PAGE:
These words, written in Philadelphia at the dawn of creating a new equality, seeking to seal the deal for unity in a nation previously separated by class, religious practice and belief, human philosophy, political dogma, intellectual value, and more, have again come to the forefront of the minds of many. Then-presidential candidate Barack Obama spoke these words in Philadelphia’s Constitution Center, to place emphasis on his campaign efforts and his wish to win the election of the Presidency without prejudice to his religious affiliations, his race, or his social ties. In this speech Obama provided an answer to his minister’s (Reverend Jeremiah Wright) publicized TV question-and-answer session with journalists. Students were again reciting the opening statement of the Constitution, which gave them a little glimpse of hope that they too were a part of the equation of the “We.”

Because of Philadelphia students’ interest in Obama’s speech in their own back yard, so to speak, we will discuss and analyze this speech. We will critique the document in comparison to a sermon from the Reverend Wright; several short selections from Thomas Jefferson his Notes on the State of Virginia, particularly those parts that relates to race; and Fredrick Douglass’ acclaimed “Fourth of July Oration,” and we will correlate these works in a comparison/contrast to Obama’s most recent speech. Students will be prompted to construct two-column notes to better summarize and paraphrase the speeches and documents for similarities and differences. Additionally, students will have to compose interview questions to the speakers to carry out a mock talk show, which will be videoed for future viewing.

Portions of the Articles of Confederation will be drawn upon for further inquiry and contrast. In this way, students will be able to grasp better the reasoning for the ideas that will be shown them in the Constitution. Since this unit is being developed for the ELA classroom, we will look at the patterns of language as used in the writing, transcriptions of particular founding documents and explorations of pertinent events and places in the City of Philadelphia relevant to those events. All of these strategies and searches will focus on the discussion of race relations for the Union. Students will search documents for discussions beyond just slavery. They will discover how Whites of the day viewed racial differences from an allegedly scientific basis, not only discourses about the color of one’s skin and the likelihood of a life of servitude.

Students will be encouraged to compare and contrast these political selections, more for understanding present circumstances to prepare them to meet future challenges and to connect the classroom to the community – the political community more specifically. Students will be required to investigate the authors’ use of description and illustration in the construction of larger ideas and on the development of a more coherent and positive relationship with their political movement or party.

Political Literature

With the advent of up-to-the minute information on the Internet, political literature has become vast and varied in opinion, argument, and presentation. Gone are the days when students get their political science or civics lesson from a textbook, educational lecture, or encyclopedia. Today, my students can pick up their phones, turn on their iPods, link to the world-wide web and be informed on most any topic if they are willing to browse, scan, or read information for critical analysis and intellectual discourse.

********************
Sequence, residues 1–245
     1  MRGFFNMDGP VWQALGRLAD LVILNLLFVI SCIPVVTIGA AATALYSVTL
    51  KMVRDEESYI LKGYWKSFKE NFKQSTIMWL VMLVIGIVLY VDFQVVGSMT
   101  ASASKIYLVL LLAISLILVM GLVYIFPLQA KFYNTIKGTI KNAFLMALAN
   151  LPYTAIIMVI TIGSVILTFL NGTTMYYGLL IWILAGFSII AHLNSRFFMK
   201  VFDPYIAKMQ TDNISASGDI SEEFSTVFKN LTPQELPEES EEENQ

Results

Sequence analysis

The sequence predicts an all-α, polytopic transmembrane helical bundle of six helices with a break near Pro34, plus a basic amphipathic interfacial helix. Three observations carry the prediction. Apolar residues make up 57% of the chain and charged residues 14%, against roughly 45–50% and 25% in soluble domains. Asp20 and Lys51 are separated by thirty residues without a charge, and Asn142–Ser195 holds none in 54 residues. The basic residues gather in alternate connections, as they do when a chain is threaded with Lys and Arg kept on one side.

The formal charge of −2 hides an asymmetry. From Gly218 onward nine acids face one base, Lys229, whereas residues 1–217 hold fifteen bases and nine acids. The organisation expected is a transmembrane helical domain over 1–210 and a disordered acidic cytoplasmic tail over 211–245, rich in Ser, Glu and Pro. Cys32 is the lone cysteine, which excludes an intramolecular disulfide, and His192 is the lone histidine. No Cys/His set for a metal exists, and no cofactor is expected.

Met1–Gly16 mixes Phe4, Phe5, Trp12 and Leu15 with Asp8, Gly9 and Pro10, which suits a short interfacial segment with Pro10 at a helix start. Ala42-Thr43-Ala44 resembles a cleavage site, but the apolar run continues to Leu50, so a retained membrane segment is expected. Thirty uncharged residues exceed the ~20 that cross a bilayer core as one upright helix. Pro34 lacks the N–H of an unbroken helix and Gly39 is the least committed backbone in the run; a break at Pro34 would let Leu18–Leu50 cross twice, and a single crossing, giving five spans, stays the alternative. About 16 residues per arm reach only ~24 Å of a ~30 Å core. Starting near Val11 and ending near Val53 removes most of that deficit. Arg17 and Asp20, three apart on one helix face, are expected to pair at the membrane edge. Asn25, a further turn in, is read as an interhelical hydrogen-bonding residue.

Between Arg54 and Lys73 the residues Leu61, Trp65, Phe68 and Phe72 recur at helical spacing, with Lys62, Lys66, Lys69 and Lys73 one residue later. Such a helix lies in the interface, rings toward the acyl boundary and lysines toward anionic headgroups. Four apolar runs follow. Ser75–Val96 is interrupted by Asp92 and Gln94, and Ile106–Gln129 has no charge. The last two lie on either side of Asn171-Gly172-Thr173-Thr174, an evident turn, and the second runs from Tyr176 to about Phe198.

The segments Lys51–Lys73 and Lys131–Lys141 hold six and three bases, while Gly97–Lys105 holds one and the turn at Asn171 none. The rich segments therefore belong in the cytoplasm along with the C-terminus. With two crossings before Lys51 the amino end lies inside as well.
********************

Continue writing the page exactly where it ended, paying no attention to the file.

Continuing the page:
Considering rhetoric as a tool of persuasion in politics, students will be lead in discussions and lessons utilizing the definition of rhetoric by Kenneth Burke: “The most characteristic concern of rhetoric – the manipulation of men’s beliefs for political ends… the basic function of rhetoric – the use of words by human agents to form attitudes or to induce actions in other human agents.”1 Students will hear opposing views from Malcolm X, in his “Ballot or the Bullet” address, compared to Martin Luther King’s, “I Have a Dream” speech and/or A. Philip Randolph’s, “Address at the 1963 March on Washington.” In this way, students will be able to gather evidence from the speeches to illustrate and analyze the viewpoints of the speakers and to examine the political tone of the time period.

During this segment of the unit, students will be guided through lessons about historical inquiry into literature that requires a certain understanding of concepts of a particular era. Students will learn that the context of literature (document, speech or film) includes context clues in not only the politics practiced but also in sociology, economics, religion, the arts, and philosophy. Students will also note the use of primary (original) and secondary (research based on the original) sources. In written documents, students will examine voice (perspective and/or point of view) presented in political literature. Voice is contingent upon various viewpoints based on race, class, gender, and political affiliation. For purpose of this unit, voice will be defined as: something likened to speech as conveying impressions to the mind.2

The study of political literature for students will offer a stimulating mode of inquiry into the institutions and principles of American politics as it relates to the American people both Black and White. Political literature, including many genres, can be viewed as having driven a way of life and thinking for Americans. This study will not only give insight to writing, speaking and thought but also, give insight to the study of politics.

Political Culture in Film